Dixie Hannan plants a kiss on her son Colton (12). When Colton was two and in need of a kidney transplant, Hannan gave him one of her own without question. What she calls a gift like no other saved his life. Dixie Hannan and son Colton have their health care cards signed to allow them to donate their organs and tissue to others should the time ever come. Photo: Damien Wood.
At any given time in Alberta, approximately 400 people will be waiting for an organ or tissue transplant.
This number isn’t abnormal – it’s about par with numbers in other provinces across the country – but it is a long and anxious wait. As transplants have became more accepted, it was deemed necessary for more people, and there aren’t as many organs to go around as one might hope.
The need and importance of organ transplants was discovered first-hand by Dixie Hannan about a decade ago, when her then two-year-old son Colton was in dire need of a kidney.
He was born with obstructed kidneys and had his first surgery the day after birth.
When doctors considered a transplant for the toddler, the family travelled to Fairview-University Medical Centre in Minneapolis, Minn., for the operation as it was best able to handle the surgery at that time.
“We knew nothing about it (transplants) at that point. When I was 16 I signed (my health card), but I never put any thought into it ... when Colton needed his transplant, then we did have to think about it,” said Hannan.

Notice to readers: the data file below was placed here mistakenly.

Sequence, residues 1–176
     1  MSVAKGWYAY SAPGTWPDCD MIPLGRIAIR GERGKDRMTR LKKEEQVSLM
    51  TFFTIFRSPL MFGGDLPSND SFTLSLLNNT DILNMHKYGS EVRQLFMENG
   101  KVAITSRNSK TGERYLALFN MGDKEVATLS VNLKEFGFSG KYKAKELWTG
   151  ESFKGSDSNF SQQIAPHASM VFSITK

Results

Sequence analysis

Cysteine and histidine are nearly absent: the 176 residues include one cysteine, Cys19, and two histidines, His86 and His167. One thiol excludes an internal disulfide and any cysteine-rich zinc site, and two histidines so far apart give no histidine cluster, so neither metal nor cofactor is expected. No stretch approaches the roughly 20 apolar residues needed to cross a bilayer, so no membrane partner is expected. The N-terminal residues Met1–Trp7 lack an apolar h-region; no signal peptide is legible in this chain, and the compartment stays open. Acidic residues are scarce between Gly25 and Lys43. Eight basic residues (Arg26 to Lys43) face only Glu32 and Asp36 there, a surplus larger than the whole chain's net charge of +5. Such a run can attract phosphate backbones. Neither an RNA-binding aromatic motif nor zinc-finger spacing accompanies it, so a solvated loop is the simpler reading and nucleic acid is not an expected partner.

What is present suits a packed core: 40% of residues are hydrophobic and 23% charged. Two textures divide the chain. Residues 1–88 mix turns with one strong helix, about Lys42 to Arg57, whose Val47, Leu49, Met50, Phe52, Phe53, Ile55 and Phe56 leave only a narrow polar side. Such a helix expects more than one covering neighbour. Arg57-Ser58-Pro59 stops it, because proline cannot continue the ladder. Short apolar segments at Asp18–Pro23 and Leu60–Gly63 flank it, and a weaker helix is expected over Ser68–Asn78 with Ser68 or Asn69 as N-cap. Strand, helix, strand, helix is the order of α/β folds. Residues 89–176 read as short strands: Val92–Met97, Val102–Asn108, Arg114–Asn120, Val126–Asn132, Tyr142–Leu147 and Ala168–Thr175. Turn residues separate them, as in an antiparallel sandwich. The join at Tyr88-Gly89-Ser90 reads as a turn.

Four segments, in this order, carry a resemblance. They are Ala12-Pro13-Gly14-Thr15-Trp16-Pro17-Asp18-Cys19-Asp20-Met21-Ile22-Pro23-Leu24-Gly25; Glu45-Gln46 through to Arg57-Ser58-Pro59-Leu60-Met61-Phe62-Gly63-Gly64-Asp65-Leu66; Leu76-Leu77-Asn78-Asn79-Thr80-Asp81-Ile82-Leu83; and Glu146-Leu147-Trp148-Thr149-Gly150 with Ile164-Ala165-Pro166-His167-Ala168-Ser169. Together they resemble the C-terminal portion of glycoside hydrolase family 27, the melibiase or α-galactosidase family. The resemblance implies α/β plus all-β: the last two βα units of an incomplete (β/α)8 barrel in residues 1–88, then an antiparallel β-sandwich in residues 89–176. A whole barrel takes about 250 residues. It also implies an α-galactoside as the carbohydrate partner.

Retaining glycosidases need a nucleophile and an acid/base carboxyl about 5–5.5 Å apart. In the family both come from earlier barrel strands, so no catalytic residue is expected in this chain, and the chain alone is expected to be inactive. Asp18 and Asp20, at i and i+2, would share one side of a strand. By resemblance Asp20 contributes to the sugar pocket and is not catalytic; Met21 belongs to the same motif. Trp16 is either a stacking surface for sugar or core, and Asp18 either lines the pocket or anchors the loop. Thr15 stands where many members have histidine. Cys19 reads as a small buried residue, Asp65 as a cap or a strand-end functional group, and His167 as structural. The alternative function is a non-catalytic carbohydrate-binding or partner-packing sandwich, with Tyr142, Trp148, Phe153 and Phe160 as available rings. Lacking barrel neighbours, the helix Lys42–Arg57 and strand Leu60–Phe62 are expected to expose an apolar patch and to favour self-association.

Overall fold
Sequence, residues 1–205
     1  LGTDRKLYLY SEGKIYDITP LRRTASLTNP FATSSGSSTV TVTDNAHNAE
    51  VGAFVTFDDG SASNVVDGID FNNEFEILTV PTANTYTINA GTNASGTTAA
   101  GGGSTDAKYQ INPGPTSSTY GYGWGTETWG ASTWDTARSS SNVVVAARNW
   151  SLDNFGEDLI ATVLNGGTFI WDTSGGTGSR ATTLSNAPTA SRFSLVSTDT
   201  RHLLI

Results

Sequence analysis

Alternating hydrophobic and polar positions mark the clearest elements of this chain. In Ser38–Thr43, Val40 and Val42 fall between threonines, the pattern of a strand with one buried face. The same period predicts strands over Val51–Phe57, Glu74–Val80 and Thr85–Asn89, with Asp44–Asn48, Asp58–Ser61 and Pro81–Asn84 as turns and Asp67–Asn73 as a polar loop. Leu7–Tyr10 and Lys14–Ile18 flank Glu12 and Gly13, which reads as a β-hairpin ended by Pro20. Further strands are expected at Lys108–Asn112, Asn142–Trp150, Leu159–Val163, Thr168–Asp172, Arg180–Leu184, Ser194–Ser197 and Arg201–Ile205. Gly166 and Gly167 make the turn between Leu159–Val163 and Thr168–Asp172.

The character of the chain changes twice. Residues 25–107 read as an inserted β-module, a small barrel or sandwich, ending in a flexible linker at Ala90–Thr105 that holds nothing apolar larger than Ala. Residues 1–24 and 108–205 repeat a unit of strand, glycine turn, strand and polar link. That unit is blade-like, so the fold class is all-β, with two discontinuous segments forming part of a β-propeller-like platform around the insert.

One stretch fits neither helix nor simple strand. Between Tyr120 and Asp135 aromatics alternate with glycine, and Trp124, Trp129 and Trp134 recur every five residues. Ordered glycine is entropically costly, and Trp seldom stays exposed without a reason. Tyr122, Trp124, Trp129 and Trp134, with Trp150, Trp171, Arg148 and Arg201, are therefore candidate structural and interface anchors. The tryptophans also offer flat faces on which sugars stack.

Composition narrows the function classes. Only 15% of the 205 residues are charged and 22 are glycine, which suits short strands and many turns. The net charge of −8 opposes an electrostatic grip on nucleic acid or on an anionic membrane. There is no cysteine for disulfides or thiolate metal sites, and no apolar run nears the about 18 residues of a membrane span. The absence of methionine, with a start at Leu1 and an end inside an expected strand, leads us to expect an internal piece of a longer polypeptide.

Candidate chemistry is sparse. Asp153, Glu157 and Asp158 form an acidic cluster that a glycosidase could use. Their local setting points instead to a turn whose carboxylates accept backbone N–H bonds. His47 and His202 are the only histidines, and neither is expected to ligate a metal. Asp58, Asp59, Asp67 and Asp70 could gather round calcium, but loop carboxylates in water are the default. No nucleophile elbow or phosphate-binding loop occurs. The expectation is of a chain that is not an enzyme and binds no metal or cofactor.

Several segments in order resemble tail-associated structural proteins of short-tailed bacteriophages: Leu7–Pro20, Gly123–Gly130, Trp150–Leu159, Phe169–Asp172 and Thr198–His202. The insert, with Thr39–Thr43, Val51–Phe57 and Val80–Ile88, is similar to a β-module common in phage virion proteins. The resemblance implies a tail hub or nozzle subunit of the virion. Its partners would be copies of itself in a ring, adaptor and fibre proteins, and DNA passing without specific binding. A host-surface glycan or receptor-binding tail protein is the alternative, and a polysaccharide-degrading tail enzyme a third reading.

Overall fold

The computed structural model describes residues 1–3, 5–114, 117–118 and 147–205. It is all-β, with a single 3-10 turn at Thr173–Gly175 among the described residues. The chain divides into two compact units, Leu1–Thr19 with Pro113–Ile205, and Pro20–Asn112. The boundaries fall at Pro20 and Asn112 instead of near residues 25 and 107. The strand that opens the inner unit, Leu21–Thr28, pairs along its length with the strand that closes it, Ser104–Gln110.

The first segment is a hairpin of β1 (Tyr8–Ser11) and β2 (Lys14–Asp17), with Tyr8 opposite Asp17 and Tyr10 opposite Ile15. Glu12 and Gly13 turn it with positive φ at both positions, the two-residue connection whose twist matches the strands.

“We initially thought it was going to be (his father) and they generally, in that case, want it to be the father, because the mother is generally the caregiver. But we found, out once we were down in Minneapolis, (he) wasn’t eligible. So I turned out to be the donor.”
Colton’s surgery was a success, but many others in Alberta aren’t as lucky.
It’s basically a matter of supply and demand, according to Mike Bentley, director of patient care for the Human Organ Procurement and Exchange program (HOPE) at the University of Alberta Hospital.
“To be an organ donor right now, you have to suffer brain death, which is a very specific injury, where your body’s being sustained on life support, but your brain is dead. Most people don’t die that way. Most people suffer cardiac death ... about two per cent die in (the necessary) fashion,” said Bentley.